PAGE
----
Extreme Makeover

Extreme Makeover (ABC, 2002–7)  was a reality TV makeover program, where  subjects  who  considered themselves to be ugly submitted a videotape that  detailed their facial and bodily flaws in hopes of being flown to Hollywood for an extensive makeover. Because  Extreme Makeover capitalized on rewarding those  people  whose stories  of suffering and  hardship were the  bleakest, it has  often  been  compared to Queen for a Day, a radio  and TV program that  began  in the 1950s  and  featured ordinary housewives who  had  experienced financial  hardships telling  their  sad stories  in exchange for gifts and prizes.

The extreme of Extreme Makeover came from the fact that both male and female subjects received  upward of 10 different plastic  surgery  procedures (including tummy tucks, breast  enhancements, chin implants, facial recontouring, rhinoplasties, brow lifts, and  face lifts), cosmetic dentistry, physical  training, and  hair  and  wardrobe restyling. All of these  costly interventions were given to participants for free. During the course of their extreme makeovers, subjects experienced their transformations  in isolation periods of roughly six to eight  weeks, each  episode ending with an elaborate reveal ceremony that  reunited the makeover recipient with his or her always enthusiastic family and  friends. Reveal moments were often  staged  as red-carpet  events,  and subjects frequently spoke  of feeling like a celebrity.

Though all participants underwent major  surgical  procedures, screen time  devoted  to  healing  was  relatively  nonexistent. As a consequence, Extreme Makeover generated considerable attention, drawing criticism for its often gratuitous depiction of plastic  surgery  as virtually a pain-free, cost-free, and  consequence-free aesthetic choice, here represented as a necessary form of wellness surgery. Recipients, roughly 75 percent of whom  were women, spoke with gratitude about their makeovers, suggesting  that  they were now worthy  of both love and heterosexual romance in ways that  their  former  appearance (and consequent low self-esteem) had blocked.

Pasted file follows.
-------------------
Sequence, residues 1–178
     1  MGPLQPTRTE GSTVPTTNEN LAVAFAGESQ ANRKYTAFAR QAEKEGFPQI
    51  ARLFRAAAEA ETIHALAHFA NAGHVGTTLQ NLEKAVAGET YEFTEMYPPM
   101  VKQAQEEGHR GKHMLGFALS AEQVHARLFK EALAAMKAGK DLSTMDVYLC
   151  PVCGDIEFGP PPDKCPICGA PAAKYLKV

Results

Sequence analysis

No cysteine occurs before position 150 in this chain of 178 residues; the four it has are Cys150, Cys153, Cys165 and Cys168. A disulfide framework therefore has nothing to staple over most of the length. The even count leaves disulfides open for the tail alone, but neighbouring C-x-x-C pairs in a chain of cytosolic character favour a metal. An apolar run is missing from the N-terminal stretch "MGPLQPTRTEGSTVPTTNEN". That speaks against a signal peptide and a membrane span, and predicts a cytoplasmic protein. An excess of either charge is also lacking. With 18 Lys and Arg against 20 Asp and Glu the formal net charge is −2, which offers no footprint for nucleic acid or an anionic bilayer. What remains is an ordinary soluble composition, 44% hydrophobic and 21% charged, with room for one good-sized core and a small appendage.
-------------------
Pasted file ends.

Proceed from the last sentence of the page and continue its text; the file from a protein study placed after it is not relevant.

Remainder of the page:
The show on occasion also drew praise for the manner in which it allowed subjects  to proactively claim  conventional articulations of beauty  and  thus  to capitalize on  the  cultural currency attaching to beautiful faces and  bodies. Subjects on the show  very often  spoke  of their  transformations as the best thing  they had ever experienced, a dream  come  true,  or the release  of a real self. Although these experiences have clearly been  edited  by the show’s producers for dramatic effect, the feelings  of joy and relief seemed to resonate with a wider viewing audience.

Extreme Makeover initially aired to high ratings  and gave rise to two spin-off programs: Extreme Makeover: Home Edition and Extreme Makeover: Wedding Edition, both on  ABC. Extreme Makeover also  led  the  crest  of other reality  TV  plastic  surgery makeover programs, including The Swan (Fox), I Want a Famous Face (MTV), Brand New You (BBC), Dr. 90210  (E!), and  Miami Slice (Bravo). It continues to air in the United States  on  the  Style Network as well as on  cable  outlets across  the  world in such  countries as Australia, Spain,  Bulgaria, Canada, Croatia, Mexico,  Norway, and the Philippines.

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